Dopaminergic mechanism underlying reward-encoding of punishment omission during reversal learning in Drosophila

Nat Commun. 2021 Feb 18;12(1):1115. doi: 10.1038/s41467-021-21388-w.


Animals form and update learned associations between otherwise neutral sensory cues and aversive outcomes (i.e., punishment) to predict and avoid danger in changing environments. When a cue later occurs without punishment, this unexpected omission of aversive outcome is encoded as reward via activation of reward-encoding dopaminergic neurons. How such activation occurs remains unknown. Using real-time in vivo functional imaging, optogenetics, behavioral analysis and synaptic reconstruction from electron microscopy data, we identify the neural circuit mechanism through which Drosophila reward-encoding dopaminergic neurons are activated when an olfactory cue is unexpectedly no longer paired with electric shock punishment. Reduced activation of punishment-encoding dopaminergic neurons relieves depression of olfactory synaptic inputs to cholinergic neurons. Synaptic excitation by these cholinergic neurons of reward-encoding dopaminergic neurons increases their odor response, thus decreasing aversiveness of the odor. These studies reveal how an excitatory cholinergic relay from punishment- to reward-encoding dopaminergic neurons encodes the absence of punishment as reward, revealing a general circuit motif for updating aversive memories that could be present in mammals.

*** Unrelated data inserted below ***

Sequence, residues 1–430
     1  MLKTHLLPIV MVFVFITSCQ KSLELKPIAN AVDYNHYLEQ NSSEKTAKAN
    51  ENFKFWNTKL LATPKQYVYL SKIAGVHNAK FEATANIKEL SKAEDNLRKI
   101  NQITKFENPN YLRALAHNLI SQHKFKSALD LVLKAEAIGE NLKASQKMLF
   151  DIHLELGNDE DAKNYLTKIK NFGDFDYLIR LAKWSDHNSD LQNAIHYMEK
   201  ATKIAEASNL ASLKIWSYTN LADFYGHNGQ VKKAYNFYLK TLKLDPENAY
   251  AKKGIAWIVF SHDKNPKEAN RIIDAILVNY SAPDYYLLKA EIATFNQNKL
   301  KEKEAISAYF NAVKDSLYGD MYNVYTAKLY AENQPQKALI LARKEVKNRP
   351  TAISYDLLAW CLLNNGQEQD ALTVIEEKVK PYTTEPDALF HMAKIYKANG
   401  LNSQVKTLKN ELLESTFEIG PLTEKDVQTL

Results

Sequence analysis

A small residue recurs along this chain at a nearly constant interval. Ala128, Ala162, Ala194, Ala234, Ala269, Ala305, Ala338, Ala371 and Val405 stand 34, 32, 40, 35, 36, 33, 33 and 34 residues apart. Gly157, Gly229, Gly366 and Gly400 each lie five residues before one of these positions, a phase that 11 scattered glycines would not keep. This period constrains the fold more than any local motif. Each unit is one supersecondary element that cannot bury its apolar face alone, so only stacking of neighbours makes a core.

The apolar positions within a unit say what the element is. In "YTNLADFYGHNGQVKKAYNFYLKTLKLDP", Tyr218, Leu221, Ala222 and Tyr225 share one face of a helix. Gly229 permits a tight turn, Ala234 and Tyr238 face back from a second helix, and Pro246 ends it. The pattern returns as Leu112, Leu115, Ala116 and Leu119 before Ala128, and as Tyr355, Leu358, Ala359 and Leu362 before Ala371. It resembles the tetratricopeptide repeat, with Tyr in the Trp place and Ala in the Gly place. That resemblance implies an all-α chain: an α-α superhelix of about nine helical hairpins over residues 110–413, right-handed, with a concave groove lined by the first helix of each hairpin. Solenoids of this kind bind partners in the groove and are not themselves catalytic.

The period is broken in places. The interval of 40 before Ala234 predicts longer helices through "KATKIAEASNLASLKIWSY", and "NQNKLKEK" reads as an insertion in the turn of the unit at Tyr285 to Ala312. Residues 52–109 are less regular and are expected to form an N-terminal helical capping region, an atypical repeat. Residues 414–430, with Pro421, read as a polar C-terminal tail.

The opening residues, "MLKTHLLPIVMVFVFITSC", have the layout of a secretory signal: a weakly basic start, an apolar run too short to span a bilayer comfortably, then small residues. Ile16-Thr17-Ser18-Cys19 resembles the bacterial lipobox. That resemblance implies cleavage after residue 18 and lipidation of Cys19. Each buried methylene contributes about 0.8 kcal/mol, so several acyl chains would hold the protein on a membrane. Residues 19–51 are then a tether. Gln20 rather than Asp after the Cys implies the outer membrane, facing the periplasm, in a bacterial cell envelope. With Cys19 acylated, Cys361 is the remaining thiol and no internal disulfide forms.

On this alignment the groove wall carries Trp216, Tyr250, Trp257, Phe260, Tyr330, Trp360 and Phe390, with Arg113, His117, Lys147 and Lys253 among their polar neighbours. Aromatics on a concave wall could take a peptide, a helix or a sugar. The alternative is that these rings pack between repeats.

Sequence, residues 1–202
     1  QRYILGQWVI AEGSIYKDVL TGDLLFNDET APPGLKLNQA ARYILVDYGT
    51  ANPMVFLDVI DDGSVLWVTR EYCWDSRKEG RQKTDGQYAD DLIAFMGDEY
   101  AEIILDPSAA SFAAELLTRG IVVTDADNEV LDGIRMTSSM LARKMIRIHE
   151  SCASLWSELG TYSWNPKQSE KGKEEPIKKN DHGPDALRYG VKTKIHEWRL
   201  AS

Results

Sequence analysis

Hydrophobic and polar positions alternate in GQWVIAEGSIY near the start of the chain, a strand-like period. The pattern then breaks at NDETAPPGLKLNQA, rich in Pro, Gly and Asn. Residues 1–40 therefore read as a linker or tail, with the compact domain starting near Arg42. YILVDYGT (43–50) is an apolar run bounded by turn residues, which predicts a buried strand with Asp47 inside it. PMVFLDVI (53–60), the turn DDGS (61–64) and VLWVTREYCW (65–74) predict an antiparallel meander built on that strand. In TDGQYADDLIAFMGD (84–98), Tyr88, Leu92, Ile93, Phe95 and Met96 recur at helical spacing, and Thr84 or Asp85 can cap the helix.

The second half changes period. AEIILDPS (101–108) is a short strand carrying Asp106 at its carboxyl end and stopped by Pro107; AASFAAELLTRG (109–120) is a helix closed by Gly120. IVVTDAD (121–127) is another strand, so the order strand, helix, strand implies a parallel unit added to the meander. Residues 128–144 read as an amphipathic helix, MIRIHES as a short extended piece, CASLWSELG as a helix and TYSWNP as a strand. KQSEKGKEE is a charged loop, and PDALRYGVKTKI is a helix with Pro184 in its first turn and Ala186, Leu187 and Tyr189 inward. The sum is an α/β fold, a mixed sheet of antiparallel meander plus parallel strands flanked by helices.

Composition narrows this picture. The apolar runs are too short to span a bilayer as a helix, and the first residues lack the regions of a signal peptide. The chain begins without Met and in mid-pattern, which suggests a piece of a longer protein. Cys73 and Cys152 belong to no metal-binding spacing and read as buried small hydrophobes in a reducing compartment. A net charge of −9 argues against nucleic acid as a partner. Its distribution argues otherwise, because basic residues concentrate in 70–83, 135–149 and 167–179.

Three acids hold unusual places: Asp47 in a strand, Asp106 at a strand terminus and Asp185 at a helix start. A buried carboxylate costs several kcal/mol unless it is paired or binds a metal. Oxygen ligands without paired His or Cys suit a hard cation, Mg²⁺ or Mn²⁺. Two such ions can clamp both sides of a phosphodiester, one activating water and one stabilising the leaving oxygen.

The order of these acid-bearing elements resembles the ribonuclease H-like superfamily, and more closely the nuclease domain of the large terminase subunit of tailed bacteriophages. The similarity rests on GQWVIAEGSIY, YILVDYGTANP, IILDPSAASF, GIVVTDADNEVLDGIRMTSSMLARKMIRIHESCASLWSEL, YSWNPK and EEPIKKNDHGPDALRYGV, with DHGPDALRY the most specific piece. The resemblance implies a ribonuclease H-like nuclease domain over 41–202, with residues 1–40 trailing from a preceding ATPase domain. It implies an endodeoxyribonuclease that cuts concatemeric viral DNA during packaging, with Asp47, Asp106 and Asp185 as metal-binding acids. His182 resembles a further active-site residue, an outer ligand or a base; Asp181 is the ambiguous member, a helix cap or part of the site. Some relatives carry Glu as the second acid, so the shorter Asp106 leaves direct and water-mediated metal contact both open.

Publication types

  • Research Support, N.I.H., Extramural
  • Research Support, Non-U.S. Gov't
  • Research Support, U.S. Gov't, Non-P.H.S.

MeSH terms

  • Animals
  • Avoidance Learning / physiology
  • Conditioning, Classical
  • Dopamine / metabolism*
  • Dopaminergic Neurons / physiology
  • Drosophila melanogaster / physiology*
  • Memory / physiology
  • Punishment*
  • Reversal Learning
  • Reward*
  • Smell / physiology
  • Synapses / physiology


  • Dopamine